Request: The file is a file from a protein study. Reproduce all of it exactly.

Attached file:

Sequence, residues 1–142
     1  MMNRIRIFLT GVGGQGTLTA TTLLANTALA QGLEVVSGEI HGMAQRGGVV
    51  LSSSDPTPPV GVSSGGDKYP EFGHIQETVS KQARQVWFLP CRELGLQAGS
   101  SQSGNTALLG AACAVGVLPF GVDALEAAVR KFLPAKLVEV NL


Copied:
Sequence, residues 1–142
     1  MMNRIRIFLT GVGGQGTLTA TTLLANTALA QGLEVVSGEI HGMAQRGGVV
    51  LSSSDPTPPV GVSSGGDKYP EFGHIQETVS KQARQVWFLP CRELGLQAGS
   101  SQSGNTALLG AACAVGVLPF GVDALEAAVR KFLPAKLVEV NL